Solid Fats & Added Sugars

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ice cream coneFor most people, the U.S. Department of Agriculture (USDA) Food Patterns allow extra calories every day for solid fats and added sugars (SoFAS) in the processed foods they eat.

Choosing foods that are low in fat and without added sugar whenever possible might just leave you with some extra calories left over each day. These extra calories can be used as you like. Some mornings you could have a glazed donut—but don’t forget to count it as a grain and don’t go over your suggested limits for SoFAS.

Added Sugars

With both the USDA Food Patterns and the Dietary Approaches to Stop Hypertension (DASH) Eating Plan, added sugars mean more calories without more nutrients. For some people, added sugars can lead to higher levels of fats in the blood, raising their risk of heart disease.

Read the ingredients label to see if the processed food you are eating has added sugar. In addition to other updates, the FDA recently proposed to include “Added Sugars” on the Nutrition Facts label to inform consumers of their sugar intake. Learn more about how FDA’s Proposed Changes Aim to Better Inform Food Choices. Key words on the label to look for:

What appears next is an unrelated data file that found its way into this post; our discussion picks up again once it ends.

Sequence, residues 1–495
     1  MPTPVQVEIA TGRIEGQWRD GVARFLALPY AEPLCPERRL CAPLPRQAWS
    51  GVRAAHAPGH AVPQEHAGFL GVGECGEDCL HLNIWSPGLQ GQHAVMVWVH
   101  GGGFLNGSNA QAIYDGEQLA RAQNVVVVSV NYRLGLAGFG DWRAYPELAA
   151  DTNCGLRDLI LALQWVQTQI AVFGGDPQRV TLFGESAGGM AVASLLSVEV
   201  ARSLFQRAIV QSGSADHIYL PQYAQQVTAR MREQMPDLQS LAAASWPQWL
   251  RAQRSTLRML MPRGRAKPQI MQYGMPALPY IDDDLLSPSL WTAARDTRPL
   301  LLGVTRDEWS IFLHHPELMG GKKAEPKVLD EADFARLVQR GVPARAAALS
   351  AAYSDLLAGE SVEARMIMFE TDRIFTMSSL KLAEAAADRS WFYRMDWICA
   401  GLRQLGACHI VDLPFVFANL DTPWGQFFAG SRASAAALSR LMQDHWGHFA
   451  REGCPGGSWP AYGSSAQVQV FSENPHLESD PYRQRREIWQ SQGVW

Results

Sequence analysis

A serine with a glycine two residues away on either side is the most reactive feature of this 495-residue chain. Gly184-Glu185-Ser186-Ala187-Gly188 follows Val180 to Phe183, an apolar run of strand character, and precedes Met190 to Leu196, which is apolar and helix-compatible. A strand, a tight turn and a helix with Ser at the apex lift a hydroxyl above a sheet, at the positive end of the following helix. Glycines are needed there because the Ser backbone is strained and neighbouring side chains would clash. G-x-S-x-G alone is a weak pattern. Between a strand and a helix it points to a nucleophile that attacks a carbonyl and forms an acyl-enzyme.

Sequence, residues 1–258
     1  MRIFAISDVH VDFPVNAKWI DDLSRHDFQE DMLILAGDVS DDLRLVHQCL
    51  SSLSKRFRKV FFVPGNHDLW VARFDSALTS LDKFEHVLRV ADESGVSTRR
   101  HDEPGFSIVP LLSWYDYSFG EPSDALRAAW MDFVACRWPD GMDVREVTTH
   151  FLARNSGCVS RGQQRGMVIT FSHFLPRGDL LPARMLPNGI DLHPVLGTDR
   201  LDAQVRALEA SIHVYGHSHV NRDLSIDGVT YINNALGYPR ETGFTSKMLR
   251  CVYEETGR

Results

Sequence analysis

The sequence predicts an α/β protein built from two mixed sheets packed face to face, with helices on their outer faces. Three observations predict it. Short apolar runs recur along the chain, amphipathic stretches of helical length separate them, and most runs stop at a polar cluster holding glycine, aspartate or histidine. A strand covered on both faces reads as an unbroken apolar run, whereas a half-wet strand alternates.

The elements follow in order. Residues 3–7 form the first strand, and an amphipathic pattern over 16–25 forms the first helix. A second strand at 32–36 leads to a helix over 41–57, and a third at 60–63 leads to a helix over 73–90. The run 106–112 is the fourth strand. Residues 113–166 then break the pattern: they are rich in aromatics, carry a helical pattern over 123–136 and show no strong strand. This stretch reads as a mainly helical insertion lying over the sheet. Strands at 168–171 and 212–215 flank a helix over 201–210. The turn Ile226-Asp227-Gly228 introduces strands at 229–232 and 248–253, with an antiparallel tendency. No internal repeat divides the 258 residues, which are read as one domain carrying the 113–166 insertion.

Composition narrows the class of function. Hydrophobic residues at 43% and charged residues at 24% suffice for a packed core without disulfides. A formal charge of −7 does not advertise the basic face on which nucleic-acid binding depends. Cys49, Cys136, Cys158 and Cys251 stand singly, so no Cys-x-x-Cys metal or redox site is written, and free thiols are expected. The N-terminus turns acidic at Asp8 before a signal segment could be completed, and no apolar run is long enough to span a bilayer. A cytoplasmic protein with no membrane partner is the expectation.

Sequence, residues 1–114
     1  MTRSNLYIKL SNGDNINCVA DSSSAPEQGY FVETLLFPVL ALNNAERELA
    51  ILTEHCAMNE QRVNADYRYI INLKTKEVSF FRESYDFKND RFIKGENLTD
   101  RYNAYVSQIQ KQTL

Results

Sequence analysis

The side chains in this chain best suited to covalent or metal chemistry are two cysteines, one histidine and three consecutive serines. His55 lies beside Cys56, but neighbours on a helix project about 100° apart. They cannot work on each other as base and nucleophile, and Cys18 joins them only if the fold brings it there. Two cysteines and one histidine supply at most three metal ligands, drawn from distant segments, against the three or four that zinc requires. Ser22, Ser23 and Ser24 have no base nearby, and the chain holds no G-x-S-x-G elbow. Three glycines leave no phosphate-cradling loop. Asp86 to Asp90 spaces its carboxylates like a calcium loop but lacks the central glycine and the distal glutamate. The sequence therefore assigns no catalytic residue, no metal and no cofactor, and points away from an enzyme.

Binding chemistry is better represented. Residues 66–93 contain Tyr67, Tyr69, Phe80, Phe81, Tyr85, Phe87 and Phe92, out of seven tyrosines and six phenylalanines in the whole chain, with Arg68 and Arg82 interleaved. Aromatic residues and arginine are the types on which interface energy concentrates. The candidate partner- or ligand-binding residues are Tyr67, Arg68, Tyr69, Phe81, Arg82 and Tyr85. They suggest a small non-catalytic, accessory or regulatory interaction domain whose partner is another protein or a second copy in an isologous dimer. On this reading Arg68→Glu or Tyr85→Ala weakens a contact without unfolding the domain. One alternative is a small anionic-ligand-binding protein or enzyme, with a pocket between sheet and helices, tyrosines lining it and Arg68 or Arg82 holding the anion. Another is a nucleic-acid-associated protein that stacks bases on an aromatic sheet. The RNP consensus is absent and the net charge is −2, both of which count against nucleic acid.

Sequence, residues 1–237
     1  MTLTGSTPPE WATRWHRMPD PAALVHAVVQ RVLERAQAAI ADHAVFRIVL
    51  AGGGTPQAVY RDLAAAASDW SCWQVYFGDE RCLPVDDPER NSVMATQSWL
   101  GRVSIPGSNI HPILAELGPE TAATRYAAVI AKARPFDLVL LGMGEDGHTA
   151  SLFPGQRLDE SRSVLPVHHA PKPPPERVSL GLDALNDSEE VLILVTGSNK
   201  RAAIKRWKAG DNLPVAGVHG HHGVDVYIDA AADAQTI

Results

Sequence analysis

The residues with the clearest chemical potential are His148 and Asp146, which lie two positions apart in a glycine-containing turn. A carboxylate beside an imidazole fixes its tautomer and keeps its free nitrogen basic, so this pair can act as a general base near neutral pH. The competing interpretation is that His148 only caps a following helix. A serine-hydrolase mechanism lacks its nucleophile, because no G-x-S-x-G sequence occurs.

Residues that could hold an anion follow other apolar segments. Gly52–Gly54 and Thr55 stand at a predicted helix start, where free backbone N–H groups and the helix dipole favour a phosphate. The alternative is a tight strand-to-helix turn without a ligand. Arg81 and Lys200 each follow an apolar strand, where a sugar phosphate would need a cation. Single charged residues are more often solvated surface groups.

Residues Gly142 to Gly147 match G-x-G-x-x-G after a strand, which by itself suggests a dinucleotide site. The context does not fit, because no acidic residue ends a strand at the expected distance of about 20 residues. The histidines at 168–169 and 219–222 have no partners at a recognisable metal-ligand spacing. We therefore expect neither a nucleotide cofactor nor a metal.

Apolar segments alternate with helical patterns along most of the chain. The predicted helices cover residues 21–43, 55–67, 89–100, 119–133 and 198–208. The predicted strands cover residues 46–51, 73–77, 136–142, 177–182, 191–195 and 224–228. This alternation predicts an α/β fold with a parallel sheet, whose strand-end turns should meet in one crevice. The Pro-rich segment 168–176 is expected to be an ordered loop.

• brown sugar
  • corn sweetener
  • corn syrup
  • dextrose
  • fructose
  • fruit juice concentrate
  • glucose
  • high-fructose corn syrup
  • honey
  • invert sugar
  • lactose
  • maltose
  • malt syrup
  • molasses
  • raw sugar
  • sucrose
  • sugar
  • maple syrup

What's On Your Plate? is based on the nutrition recommendations for older adults in the Dietary Guidelines for Americans, 2010 from the U.S. Department of Agriculture (USDA) and the U.S. Department of Health and Human Services (HHS).